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# Verify coulomb's law.

Extracts from this document...

Introduction

## Coulomb’s law lab

Objective: to verify coulomb’s law

Materials:

String

Wool cloth

Plastic ruler

Box

2 Graphite balls, one attached to the string

Procedures:

1. measure the mass of the graphite ball which is attached to the string
2. put the ball in the box with the string attached with the box, measure the distance from the top of the box where the string is attached, to the hanging ball, also measure the horizontal position of the ball
3. rub the ruler with the wool cloth so that it is charged
4. use the ruler to touch the other ball which is attached to a holding tool, so it gets charged
5. place the charged ball into the box, until that it touches the ball in the box
6. the balls will then repel, record the distance of the repulsion, the distance is measured from the center of the ball to the center of the other ball
7. To record the distance, one sees the scale through the transparent glass, and should not see the image of the ball in the mirror

Middle

 trial # equilibrium position of the hanging ball(m) position of the hanging ball after repulsion the change distance(x) 1 0.043 0.033 0.01 2 0.043 0.035 0.008 3 0.043 0.032 0.011 4 0.043 0.035 0.008 5 0.043 0.028 0.015

Table 3 tanθ using =x/L

 trial # (x)the change in distance of the hanging ball(m) (L)length of the imaginary string(m) tanθ 1 0.01 0.217 0.046 2 0.008 0.217 0.037 3 0.011 0.217 0.051 4 0.008 0.217 0.037 5 0.015 0.217 0.069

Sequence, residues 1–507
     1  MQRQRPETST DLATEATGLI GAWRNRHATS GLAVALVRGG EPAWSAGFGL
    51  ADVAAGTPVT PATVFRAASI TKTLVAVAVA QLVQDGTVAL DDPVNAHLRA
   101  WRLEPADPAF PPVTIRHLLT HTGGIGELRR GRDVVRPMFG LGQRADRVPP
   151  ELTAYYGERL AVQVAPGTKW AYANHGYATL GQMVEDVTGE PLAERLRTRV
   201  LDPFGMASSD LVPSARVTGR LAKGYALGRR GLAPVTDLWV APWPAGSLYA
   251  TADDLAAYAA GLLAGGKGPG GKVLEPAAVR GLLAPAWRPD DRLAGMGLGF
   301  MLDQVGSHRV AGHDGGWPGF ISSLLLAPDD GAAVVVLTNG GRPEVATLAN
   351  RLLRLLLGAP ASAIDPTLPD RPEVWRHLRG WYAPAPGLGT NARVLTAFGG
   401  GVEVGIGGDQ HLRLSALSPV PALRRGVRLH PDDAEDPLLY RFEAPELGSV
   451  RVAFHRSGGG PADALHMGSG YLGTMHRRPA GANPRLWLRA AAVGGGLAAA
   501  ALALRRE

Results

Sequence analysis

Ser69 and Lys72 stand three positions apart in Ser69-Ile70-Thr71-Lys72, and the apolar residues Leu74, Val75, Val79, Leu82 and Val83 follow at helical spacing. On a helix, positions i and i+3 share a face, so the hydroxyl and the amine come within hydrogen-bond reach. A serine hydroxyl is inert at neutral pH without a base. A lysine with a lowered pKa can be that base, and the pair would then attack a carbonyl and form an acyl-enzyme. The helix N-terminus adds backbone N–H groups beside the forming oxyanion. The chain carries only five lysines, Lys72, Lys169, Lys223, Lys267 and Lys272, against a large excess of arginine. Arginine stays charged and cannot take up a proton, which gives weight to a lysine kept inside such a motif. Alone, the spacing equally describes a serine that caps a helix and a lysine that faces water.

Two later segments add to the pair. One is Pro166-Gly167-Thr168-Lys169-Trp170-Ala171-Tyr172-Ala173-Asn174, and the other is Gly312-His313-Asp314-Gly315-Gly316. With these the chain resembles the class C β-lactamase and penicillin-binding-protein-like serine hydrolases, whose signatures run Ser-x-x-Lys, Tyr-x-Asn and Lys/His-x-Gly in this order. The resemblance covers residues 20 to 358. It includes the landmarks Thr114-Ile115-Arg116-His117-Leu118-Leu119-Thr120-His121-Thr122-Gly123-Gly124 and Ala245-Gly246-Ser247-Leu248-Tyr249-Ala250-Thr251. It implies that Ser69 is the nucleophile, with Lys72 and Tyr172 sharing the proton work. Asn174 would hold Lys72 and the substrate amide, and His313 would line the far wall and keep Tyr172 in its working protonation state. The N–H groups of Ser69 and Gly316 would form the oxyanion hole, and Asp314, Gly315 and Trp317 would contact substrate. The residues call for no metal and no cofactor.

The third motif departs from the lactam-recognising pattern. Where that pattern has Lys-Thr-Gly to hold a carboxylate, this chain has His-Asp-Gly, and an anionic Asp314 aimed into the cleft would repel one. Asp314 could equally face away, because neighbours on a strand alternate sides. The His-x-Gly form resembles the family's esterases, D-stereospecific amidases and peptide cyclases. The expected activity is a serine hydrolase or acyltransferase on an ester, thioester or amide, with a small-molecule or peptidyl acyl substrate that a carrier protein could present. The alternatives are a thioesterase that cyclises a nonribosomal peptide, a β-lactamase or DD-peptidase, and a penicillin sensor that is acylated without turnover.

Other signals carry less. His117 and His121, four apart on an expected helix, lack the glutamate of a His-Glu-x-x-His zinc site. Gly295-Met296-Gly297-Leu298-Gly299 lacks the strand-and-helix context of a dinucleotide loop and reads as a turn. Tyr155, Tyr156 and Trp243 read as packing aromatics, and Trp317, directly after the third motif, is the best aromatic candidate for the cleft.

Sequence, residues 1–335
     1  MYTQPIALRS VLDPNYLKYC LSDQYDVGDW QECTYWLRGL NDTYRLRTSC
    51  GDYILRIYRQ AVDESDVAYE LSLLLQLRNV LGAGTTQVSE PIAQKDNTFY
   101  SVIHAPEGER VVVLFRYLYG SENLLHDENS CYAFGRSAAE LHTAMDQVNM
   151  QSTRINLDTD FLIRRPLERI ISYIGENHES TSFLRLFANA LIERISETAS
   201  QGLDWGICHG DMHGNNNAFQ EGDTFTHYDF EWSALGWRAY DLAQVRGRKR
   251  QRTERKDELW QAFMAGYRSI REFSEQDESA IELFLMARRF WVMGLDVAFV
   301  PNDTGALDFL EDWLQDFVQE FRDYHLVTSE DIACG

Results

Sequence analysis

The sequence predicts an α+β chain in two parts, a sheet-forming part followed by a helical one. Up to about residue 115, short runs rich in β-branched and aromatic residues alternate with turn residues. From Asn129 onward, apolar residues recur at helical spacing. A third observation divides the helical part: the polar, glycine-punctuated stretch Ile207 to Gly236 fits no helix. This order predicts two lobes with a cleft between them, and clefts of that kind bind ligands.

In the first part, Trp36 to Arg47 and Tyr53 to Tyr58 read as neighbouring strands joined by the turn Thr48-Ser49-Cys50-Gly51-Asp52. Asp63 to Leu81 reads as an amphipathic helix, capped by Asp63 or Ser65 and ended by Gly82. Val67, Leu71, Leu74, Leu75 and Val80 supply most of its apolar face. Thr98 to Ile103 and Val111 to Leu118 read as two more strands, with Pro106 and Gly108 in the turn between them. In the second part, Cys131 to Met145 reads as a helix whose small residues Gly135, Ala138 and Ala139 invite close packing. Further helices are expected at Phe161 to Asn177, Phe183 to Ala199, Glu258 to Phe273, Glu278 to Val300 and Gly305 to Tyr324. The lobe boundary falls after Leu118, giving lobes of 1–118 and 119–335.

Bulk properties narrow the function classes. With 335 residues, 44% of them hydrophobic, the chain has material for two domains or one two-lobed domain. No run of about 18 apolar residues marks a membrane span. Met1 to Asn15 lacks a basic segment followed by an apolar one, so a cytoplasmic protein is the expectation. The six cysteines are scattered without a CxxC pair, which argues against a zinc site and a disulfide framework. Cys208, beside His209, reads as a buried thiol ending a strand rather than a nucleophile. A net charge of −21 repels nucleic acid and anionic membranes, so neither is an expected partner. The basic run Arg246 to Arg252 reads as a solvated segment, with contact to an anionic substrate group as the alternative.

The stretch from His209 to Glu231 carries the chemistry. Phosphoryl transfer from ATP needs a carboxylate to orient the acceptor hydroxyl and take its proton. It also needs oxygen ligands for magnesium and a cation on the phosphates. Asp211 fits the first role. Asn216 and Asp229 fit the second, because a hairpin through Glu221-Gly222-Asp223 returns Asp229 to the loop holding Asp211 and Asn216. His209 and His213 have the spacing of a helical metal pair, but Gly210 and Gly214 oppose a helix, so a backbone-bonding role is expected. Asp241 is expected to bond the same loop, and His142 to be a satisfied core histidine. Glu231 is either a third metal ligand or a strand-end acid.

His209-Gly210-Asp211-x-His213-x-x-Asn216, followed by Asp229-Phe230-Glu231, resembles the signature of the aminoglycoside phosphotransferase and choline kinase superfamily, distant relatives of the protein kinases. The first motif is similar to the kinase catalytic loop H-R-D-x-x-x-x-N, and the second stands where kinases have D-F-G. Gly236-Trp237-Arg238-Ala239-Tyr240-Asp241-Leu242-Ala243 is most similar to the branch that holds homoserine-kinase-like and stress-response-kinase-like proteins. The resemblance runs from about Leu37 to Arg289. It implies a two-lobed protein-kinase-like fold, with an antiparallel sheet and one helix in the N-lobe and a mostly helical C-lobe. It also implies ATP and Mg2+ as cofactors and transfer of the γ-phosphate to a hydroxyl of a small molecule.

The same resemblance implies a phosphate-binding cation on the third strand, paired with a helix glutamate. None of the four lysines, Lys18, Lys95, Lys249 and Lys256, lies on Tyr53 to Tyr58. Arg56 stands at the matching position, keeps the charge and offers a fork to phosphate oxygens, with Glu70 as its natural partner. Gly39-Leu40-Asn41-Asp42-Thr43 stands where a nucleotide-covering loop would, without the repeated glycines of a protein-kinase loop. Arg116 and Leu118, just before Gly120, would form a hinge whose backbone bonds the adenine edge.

Weight of the ball(Mg) is calculated by the hanging ball’s mass multiplied by g:

=1.1x10^-4kg* 9.8

=0.001078N

Conclusion

θ may not be exactly precise, because we are assuming x is at right angle with L.

Suggestions for improvement

The loss of charges in the experiment cannot be prevented, but a suggestion is to do it on a dry day, where the charges would not escape into the air as in a humid day would. The approximation of x can be much improved by opening the lid of the box and hang the string from the ceiling. This way, the L would be much larger, and the approximation of tanθ would be more precise because now is at a smaller angle.

Conclusion

The experiment fairly showed the columb’s law, and the relationship between the variables, r, fe, q. During the process, as the charges are lost to the air, the distance as well as fe decreased. The graph of fe vs 1/(r^2) suggested a straight line, a linear relationship between the two variables, that the force between the two charges was inversely proportional to the square of the distance between them r2.

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